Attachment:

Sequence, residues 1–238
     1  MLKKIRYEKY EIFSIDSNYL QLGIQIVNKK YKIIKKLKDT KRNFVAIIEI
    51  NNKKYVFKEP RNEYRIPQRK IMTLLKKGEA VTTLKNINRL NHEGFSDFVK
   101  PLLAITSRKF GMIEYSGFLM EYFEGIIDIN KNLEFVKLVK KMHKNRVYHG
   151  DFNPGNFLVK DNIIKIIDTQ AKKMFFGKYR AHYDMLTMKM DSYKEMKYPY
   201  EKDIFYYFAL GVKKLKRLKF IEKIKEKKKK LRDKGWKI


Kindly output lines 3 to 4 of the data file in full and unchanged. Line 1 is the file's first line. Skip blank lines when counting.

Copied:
    51  NNKKYVFKEP RNEYRIPQRK IMTLLKKGEA VTTLKNINRL NHEGFSDFVK
   101  PLLAITSRKF GMIEYSGFLM EYFEGIIDIN KNLEFVKLVK KMHKNRVYHG